Recently, I shared a tool I created to help make visible the thought process I use when selecting texts for my students. I hoped it would be helpful for other teachers and I also wanted to hear what people thought. Before I shared, I had two vaguely opposing thoughts: (1) This tool is cool! I’m on to something here! and (2) What if this tool actually stinks and no one likes it? Now that I’ve shared and gotten feedback, I’m way beyond both of these (ego-centric) perceptions. The post sparked some great discussion about how the tool could be used and adapted to meet the needs of teachers in various contexts:
- Marsha Ratzel responded with how she might use it to select texts for her middle school science classes, and where the too fell short in this context. We discussed creating a version of it tailored for content area (non literary) readings.
- Bill Ivey suggested adding mission alignment to the thought process based on his experience building curriculum in a school with a strong feminist mission.
- Cindi Rigsbee mentioned that she would share this with teachers who are eager to teach whole class texts, but hesitant, because other methods (levelled reading groups) have been the norm in their school.
I also offered to share the tool in MS Word via email (email@example.com) to anyone who wanted it. I received many requests, and through these exchanges, got a sense of the wide range of educators who all have occasion to use a tool like this. A university professor of English, a middle school English teacher who wants to influence the direction of her department, though she isn’t in a formal leadership role, a principal thinking about literacy instruction in her school…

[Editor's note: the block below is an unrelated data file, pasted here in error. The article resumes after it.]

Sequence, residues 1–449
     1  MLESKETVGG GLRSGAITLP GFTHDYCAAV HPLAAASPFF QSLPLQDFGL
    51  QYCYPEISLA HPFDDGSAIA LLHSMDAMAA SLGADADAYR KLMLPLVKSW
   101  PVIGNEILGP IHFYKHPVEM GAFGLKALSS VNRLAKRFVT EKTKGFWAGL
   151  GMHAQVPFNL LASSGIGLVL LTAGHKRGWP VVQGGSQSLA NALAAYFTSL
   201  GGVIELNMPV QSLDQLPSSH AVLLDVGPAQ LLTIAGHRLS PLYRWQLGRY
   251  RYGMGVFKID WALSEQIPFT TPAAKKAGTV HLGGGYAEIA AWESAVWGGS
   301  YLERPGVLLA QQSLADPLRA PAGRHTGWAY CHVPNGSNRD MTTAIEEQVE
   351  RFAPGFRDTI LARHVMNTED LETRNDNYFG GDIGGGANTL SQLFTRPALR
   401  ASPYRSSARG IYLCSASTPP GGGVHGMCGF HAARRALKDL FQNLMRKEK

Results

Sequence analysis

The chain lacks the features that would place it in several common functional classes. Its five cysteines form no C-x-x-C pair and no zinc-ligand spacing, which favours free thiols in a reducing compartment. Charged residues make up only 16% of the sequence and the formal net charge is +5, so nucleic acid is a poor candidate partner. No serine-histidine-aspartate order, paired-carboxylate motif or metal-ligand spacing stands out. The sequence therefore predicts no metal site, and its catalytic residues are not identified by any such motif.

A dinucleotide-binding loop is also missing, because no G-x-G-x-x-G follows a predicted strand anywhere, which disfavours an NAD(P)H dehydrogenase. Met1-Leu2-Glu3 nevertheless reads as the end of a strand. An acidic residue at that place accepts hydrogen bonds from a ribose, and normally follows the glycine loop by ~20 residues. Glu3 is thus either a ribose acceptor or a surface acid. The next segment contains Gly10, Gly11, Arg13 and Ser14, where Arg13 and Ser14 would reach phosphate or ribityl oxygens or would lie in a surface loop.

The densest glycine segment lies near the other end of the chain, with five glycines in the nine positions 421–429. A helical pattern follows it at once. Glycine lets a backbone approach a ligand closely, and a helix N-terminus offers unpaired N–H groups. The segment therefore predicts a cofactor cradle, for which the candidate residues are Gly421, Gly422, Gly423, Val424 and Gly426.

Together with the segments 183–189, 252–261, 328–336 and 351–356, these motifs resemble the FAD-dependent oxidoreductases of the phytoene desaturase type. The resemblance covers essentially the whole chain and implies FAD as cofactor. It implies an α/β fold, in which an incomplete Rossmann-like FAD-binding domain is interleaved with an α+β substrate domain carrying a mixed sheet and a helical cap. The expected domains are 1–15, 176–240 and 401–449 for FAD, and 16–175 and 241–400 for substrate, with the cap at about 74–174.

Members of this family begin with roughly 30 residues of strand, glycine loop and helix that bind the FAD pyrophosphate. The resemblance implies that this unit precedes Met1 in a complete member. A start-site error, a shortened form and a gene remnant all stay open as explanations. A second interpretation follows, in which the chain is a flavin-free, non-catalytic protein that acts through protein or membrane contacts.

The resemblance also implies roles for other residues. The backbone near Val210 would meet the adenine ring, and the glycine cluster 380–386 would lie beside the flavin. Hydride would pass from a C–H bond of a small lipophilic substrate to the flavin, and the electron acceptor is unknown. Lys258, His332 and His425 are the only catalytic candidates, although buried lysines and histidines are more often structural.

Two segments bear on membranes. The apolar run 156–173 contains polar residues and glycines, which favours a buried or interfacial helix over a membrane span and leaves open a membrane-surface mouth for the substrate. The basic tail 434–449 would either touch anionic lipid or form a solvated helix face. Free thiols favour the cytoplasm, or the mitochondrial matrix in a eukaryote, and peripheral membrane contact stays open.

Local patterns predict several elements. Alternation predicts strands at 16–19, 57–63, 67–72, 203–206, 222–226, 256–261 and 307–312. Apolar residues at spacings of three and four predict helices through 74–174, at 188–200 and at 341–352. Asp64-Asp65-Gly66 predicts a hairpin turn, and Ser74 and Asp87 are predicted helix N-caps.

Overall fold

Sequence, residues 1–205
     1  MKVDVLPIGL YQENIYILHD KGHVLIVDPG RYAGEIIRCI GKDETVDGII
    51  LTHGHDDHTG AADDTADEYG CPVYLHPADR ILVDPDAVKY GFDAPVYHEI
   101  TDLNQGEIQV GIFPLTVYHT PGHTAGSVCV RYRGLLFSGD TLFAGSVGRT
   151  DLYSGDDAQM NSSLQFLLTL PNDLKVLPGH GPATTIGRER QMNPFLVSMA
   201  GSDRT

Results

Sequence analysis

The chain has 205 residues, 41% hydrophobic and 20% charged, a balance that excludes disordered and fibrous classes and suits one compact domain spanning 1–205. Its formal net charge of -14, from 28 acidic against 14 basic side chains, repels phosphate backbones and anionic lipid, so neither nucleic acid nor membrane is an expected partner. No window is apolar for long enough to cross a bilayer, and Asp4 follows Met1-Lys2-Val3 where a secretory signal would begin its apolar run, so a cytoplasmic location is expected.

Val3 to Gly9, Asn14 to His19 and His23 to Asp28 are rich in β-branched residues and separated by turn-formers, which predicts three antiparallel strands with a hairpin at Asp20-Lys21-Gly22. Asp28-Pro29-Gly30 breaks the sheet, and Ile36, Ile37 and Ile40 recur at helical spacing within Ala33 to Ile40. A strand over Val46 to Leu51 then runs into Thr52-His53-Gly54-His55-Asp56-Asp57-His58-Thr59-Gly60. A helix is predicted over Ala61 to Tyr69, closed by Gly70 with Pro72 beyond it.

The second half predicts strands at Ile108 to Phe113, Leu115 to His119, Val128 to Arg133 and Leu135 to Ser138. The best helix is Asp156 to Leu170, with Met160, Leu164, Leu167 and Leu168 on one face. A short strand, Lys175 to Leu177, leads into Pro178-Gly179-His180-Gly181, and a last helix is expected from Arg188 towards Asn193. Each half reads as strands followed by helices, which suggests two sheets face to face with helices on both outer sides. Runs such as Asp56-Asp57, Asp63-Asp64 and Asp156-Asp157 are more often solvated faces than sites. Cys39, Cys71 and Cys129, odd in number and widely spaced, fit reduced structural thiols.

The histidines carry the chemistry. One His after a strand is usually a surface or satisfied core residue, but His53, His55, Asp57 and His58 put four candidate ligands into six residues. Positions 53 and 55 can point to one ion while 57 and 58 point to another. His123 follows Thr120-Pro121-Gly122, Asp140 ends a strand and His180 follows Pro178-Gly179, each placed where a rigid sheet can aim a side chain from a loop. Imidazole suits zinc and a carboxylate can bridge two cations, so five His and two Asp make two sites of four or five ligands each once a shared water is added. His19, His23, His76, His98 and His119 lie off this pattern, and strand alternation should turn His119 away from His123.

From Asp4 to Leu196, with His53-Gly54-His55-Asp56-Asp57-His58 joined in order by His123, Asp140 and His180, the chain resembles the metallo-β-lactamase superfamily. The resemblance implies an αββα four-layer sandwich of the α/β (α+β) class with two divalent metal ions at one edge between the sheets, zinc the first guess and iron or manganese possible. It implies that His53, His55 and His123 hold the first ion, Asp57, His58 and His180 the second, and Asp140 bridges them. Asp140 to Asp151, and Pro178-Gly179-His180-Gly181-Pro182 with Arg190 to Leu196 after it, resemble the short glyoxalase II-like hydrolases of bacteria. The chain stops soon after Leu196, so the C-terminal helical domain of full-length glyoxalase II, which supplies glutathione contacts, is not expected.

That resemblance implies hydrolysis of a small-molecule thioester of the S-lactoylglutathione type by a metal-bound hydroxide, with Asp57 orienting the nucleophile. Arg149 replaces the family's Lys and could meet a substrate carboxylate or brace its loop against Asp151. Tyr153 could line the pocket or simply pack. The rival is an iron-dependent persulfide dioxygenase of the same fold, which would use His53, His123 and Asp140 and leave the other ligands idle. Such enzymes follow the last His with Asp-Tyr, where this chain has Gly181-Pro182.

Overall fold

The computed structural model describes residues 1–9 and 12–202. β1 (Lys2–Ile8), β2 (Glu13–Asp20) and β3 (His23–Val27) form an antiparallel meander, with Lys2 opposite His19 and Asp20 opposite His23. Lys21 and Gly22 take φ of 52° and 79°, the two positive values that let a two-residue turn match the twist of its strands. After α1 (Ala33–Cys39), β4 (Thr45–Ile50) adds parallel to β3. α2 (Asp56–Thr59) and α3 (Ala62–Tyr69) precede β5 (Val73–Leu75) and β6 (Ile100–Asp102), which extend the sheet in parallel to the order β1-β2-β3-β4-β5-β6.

This experience of sharing and getting feedback in a virtual community has been inspiring to me. We are all teachers. Reading is part of all of our teaching, so we have this in common, despite our diverse teaching contexts. Sharing my thinking via this tool helped me find ways to make the tool better and even create new tools, because of the additional perspective and critical thinking of others.
We should be sharing more. Sharing our tools is not an end to the process of creating the tool, but a beginning. Sharing creates new problems to solve (!) but the new problems lead to better “products,” if you will. This is teacher-driven professional development in action!
Marsha’s last comment on the post was this:
And dare I add….offering a tool and then seeing how it fits your circumstances. Cindi….would your teachers use this as a beginning and then make it meet their needs?
Wonder what would happen if lots of people did that and then shared back how they customized it to their school? That would be cool.
Marsha is really on to something. Using each other and our teaching contexts as reference points and resources, teachers can create solutions to meet our own needs and those of our students: a horizontal approach to unlimited teacher learning.
[image credit: www.igpssuccess.com]